Meet Little Foot, the early forerunner of humans
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Johannesburg - It took 20 years of careful, painstaking excavation to bring Little Foot out of a cave, but now that she is snug in a vault, the hard work is about to begin.
On Wednesday, the 3.67 million-year-old hominid called Little Foot was unveiled to the public for the first time at Wits University’s Hominin Vault.
This vault will now be Little Foot’s new home, which she will share with thousands of other hominid fossils collected across South Africa.
It is here that a team of scientists from across the globe will begin scrutinising the skeleton with an arsenal of modern instruments and techniques they hope will open up Little Foot’s world to humankind.
What makes Little Foot important to the world of palaeoanthropology is that about 97% of the skeleton has been recovered, making it the most complete early hominid skeleton in the world.
“What we have now is a template to work from. If you have a finger bone, you know that his finger bone is associated with this skeleton,” explains Dr Dominic Stratford, who is a part of the team researching Little Foot.
In the next few months the plan is to publish a series of journal articles describing Little Foot.
"Little Foot", the Australopithecus fossil, is displayed at the University of the Witwatersrand. Picture: Themba Hadebe/AP
Life-like casts have been made of the skeleton, which scientists around the world are going to use to study Little Foot's bones remotely.
Little Foot’s teeth will also be put under close scrutiny. Microscopic pitting and scratches on the tooth enamel could in the future help scientists work out what the hominid ate.
“Every one of these elements, tells us a story,” says Stratford.
The journey to the Hominin Vault began over 20 years ago when Wits Professor Ron Clarke discovered foot and leg bone fragments in a box that contained material that had been blasted from the Silberberg Grotto chamber in the Sterkfontein caves.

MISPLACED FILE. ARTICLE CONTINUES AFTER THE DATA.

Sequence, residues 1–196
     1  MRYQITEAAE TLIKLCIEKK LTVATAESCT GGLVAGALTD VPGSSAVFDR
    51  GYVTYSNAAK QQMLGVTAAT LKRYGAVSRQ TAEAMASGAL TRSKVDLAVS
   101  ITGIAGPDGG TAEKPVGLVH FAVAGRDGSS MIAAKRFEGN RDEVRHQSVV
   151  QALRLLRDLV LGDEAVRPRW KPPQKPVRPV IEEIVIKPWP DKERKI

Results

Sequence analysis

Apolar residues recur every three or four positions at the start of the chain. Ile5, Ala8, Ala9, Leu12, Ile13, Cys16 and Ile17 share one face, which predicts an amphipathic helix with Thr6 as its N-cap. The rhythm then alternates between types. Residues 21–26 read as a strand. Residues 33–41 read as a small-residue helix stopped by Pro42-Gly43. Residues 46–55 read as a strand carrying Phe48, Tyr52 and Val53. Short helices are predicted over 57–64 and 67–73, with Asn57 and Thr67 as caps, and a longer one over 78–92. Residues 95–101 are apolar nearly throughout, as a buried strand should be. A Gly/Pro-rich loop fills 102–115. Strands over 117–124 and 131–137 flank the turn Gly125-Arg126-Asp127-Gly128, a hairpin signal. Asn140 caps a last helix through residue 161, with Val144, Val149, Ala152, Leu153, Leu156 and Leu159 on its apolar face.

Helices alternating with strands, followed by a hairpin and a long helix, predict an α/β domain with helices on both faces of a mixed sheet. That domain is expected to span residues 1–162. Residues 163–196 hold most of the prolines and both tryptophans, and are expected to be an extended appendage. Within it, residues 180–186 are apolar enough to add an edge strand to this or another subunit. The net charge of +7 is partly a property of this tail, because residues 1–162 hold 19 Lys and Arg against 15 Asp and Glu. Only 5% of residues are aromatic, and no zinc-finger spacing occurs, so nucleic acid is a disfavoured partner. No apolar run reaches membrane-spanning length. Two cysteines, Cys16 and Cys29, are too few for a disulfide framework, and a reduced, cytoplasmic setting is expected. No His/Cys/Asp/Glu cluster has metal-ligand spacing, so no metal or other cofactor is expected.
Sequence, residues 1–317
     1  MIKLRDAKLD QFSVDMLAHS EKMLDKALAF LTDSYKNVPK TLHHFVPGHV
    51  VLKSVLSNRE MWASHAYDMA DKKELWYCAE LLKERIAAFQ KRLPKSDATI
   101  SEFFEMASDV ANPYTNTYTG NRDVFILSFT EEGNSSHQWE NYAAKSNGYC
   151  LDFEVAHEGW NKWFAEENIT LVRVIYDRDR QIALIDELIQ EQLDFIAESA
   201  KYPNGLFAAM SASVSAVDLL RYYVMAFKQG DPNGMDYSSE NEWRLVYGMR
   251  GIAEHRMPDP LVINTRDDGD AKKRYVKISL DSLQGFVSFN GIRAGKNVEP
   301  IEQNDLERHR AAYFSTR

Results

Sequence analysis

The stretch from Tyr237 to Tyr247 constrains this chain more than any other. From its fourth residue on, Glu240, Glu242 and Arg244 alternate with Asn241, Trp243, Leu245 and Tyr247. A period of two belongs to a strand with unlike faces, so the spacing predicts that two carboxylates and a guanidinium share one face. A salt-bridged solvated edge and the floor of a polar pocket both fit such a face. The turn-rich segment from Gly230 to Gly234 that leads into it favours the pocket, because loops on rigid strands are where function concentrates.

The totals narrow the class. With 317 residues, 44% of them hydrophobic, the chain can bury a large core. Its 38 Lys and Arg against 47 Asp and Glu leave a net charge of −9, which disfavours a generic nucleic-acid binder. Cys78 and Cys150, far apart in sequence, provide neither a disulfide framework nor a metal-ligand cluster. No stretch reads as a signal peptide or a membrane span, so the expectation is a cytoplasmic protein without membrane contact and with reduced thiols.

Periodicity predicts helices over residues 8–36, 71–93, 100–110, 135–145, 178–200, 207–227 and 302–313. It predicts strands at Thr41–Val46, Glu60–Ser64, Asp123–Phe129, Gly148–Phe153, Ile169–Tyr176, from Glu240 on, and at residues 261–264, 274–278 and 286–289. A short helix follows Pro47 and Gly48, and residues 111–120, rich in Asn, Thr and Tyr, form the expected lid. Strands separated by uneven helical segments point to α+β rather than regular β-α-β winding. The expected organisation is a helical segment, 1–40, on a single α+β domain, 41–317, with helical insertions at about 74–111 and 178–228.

Realising the rest of the bones might still be in the chamber, Clarke instructed his assistants, Stephen Motsumi and Nkwane Molefe, to head down the cave and see if they could find them.
After two days of searching they matched one of the bones in the box to a fossil in the chamber. Then began the hard job of removing the bones from the hard breccia (sedimentary rock).
An Australopithecus fossil is displayed at the University of the Witwatersrand. Picture: Themba Hadebe/AP
“I refused to be pushed, that's why it took so long,” says Clarke. “It was like excavating a pie with flaky pastry out of concrete.”
While Little Foot might be out of the cave, the search is still on for some of her missing bones. Stratford also said that by studying the surrounding breccia, scientists might find the remains of fossilised plant material that could reveal more about the world Little Foot lived in.
But what the bones so far are not saying is how this hominid died. Scientists suspect Little Foot fell into one of the many sinkholes dotting the landscape.
But there are no clear signs of this death in her bones. Clarke says he has an idea why Little Foot fell down that hole, but he is not telling for now.
He plans to spell out his theory in a future article to appear in an academic journal.